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Archive for April 15th, 2014

A man can go from being a lover to being a stranger in three moves flat…but a woman under the guise of friendship will engage in acts of duplicity which come to light very much later.  –  Anita Brookner

“We’re going to have to move soon; I really think Eleanor is beginning to suspect.”

“What makes you think that?” asked Hazel, handing him his drink and then moving behind him to rub his shoulders.

“Nothing I can really explain,” he said, then after a sip: “When you’ve been married to somebody for twenty-seven years, you get to know all her little ways, and you notice when they change.  You were married before, you know what I mean.”

“Yes.  But how do you know she isn’t cheating on you, too?”

Ted laughed.  “You don’t know Eleanor; she’s as cold a fish as there is.  We were both virgins when we got married, and once we were done having kids she just wasn’t interested any more.  I’ve already told you this more than once.”

“There’s no need to get testy,” she said reassuringly.  “I just want you to consider all the possibilities so you don’t start acting nervous and setting off her radar.”

“Like I said, I think I already have.  Oh, I’ve been very careful; before I met you I saw escorts for years, and before that I had cultivated a pattern of not really telling her much about my comings and goings.  And since she leaves the money to me, it’s always been easy to use as much as I want without her being the wiser.  But lately, she’s been requesting a lot more money for all sorts of things, as if she’s trying to probe the state of our finances.”

“Has she been questioning you or anything like that?” 2X

“No, she wouldn’t.  Eleanor is maddeningly indirect; she never makes a statement when an insinuation will do, and whenever she’s angry at me it always takes me days to figure out why.  I’ll never understand why so many women are like that; is it something on the X chromosome?”

“You have an X chromosome as well, Ted.”

“I know, but maybe something on the Y cancels it out.  Maybe real sneakiness requires a double X.”

“Oh, really!  Now you’re just being ridiculous.  I’m relatively straightforward, and you’re extremely sneaky; if quietly converting most of your investments to negotiable form so you can fly off to Tahiti with your mistress doesn’t qualify, I can’t imagine what would.”

Ted looked as though he had been slapped.  “I’m not leaving her destitute,” he said quietly; “In fact, as per your suggestion I transferred the house and several large investments into her name.  I just want to divide the money fairly rather than leaving it to courts and lawyers who would probably give her everything.”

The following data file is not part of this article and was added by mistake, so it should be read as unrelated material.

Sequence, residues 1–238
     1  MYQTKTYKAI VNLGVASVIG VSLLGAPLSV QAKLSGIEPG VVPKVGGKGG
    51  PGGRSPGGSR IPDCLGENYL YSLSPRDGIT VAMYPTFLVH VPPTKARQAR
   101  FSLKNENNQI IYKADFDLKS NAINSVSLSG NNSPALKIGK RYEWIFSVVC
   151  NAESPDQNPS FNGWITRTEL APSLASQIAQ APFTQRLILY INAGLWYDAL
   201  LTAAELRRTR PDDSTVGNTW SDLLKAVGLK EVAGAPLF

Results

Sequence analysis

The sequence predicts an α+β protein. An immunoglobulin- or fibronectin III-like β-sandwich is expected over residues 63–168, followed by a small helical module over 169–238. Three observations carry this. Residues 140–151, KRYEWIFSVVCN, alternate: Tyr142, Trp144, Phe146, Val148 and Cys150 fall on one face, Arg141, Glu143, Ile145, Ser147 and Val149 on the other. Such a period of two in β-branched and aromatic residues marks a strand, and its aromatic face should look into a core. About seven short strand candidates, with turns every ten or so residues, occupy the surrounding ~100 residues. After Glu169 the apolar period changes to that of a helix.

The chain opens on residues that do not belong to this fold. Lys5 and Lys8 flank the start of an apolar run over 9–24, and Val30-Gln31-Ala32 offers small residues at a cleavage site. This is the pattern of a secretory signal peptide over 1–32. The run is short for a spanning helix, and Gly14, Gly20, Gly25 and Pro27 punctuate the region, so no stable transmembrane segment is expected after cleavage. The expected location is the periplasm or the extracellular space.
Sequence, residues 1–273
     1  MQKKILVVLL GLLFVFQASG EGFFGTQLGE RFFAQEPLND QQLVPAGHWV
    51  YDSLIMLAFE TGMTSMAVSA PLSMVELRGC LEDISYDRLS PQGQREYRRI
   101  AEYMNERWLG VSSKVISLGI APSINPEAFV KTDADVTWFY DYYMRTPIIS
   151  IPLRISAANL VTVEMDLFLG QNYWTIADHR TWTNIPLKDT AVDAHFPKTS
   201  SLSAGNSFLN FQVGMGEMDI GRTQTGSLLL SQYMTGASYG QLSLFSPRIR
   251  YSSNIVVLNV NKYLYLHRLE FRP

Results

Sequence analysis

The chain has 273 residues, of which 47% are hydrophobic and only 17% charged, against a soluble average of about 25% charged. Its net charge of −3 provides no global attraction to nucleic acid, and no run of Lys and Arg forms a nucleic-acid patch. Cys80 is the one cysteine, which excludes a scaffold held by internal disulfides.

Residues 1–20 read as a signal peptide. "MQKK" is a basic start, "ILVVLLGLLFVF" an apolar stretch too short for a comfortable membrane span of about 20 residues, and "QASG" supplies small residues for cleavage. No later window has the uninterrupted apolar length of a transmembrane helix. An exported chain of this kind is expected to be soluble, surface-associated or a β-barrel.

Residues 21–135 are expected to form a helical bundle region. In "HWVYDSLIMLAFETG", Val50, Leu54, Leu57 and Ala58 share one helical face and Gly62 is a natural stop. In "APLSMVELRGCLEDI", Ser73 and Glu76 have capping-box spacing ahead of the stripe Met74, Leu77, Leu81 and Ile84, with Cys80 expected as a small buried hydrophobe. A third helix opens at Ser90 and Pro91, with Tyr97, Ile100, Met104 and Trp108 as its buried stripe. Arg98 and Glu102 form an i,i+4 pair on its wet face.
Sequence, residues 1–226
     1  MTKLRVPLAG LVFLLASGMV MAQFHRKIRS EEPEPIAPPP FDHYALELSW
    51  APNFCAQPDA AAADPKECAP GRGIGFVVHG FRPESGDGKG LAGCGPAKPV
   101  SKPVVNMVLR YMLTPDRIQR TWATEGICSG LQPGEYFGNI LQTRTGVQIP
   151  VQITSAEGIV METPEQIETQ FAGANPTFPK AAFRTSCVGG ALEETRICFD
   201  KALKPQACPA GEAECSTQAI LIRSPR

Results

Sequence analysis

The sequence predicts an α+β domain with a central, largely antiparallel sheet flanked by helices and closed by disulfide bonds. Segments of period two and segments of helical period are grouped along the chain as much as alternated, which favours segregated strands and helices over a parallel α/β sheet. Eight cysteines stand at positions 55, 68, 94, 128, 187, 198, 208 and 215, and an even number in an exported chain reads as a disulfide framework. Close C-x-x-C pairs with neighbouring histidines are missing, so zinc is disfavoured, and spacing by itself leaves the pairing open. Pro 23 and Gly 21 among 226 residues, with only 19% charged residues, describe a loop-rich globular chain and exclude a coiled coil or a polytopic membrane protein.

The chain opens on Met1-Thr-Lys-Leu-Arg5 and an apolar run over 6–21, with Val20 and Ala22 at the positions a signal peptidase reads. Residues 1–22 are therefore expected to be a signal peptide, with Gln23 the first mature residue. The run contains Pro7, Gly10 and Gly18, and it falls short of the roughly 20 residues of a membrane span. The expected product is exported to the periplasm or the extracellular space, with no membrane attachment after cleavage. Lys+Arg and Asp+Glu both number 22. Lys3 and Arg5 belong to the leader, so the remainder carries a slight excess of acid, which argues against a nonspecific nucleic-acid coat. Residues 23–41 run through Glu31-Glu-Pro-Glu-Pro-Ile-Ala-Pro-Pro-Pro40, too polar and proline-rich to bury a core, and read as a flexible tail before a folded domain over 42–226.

“Oh, I’m sorry!” she said, hugging him closely.  “I didn’t mean to hurt you.  It’s just that I feel nervous, too, and dumb female stereotypes always get me irritated.  Please forgive me.”

“See, Hazel, this is what I’m talking about.  You know how many women would apologize like you just did?  Practically none.  That’s not a stereotype, it’s just the truth; men usually end up having to apologize no matter who was wrong.  I don’t think you really understand how different you are from most women.  I never believed I would fall in love with anyone ever again, much less want to live my life with her.  But you just make me feel so special, so safe.  I know I can trust you, and that we won’t end up being strangers sleeping in the same bed like Eleanor and me.”

“I promise you that will never happen,” she said through glistening eyes.  And then she kissed him, and for a while there was no more conversation.

****************************************************************

airliner in flightA few days later, though, she brought up the subject again on the airplane.  “I just can’t help but feel guilty about what we did.  I know the two of you really shouldn’t have married in the first place, and that you haven’t had a sex life in over 15 years.  I know the kids are grown up, and we really do love each other, and there really wasn’t a home to break up.  But damn, don’t you feel bad about running off with all the negotiables as well as the stuff he put in your name?”

Eleanor shrugged.  “Not really.  I left documents donating the house back to him, and he’s still under fifty; he has twenty more years to build up again, and with no alimony that’ll be easy with his salary.  He’ll be a lot better off in the long run than I would’ve been had he been the one to run off with you as he thought would happen.”

“I suppose you’re right,” sighed Hazel.  “But I still feel bad about playing him like I did.”

“No worse than he thought he was playing me,” Eleanor huffed.  “He got what he deserved.”

“Maybe,” she replied.  “But I guess he was right about women being the sneakier ones, after all.”

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